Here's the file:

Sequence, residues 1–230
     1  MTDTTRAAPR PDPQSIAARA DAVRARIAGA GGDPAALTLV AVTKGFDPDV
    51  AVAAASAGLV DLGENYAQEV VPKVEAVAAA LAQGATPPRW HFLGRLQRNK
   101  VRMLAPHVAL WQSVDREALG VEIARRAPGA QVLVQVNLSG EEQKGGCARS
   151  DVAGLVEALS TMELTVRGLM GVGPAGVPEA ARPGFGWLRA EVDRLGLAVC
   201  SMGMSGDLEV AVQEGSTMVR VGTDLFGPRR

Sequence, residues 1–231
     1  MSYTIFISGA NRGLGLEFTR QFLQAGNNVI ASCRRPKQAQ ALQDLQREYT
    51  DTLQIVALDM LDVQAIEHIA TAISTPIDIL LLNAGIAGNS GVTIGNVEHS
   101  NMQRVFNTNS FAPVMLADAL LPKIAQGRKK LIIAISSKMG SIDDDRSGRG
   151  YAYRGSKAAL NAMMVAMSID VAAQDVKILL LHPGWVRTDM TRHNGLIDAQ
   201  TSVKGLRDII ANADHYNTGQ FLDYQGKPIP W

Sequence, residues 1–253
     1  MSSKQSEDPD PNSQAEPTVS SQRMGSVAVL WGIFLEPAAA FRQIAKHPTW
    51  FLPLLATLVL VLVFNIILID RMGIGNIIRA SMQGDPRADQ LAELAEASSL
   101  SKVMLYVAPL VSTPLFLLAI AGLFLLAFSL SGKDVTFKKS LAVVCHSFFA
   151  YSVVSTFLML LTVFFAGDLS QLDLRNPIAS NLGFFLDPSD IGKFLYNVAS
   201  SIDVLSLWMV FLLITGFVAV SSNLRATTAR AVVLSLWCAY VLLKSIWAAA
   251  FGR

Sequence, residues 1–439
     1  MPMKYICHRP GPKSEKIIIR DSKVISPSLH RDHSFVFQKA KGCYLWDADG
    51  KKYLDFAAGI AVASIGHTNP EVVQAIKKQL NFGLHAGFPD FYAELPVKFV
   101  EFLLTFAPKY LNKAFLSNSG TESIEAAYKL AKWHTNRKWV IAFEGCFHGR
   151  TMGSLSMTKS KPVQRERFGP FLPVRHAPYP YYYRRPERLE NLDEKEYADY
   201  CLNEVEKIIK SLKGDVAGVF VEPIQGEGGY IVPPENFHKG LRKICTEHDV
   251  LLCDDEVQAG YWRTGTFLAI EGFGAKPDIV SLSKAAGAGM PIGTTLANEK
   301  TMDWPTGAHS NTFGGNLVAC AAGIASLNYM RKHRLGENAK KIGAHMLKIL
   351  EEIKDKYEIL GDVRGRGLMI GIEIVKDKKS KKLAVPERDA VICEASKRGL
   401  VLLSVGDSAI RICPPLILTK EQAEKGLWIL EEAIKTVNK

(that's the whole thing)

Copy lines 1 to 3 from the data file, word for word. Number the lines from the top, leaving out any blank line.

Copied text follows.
Sequence, residues 1–230
     1  MTDTTRAAPR PDPQSIAARA DAVRARIAGA GGDPAALTLV AVTKGFDPDV
    51  AVAAASAGLV DLGENYAQEV VPKVEAVAAA LAQGATPPRW HFLGRLQRNK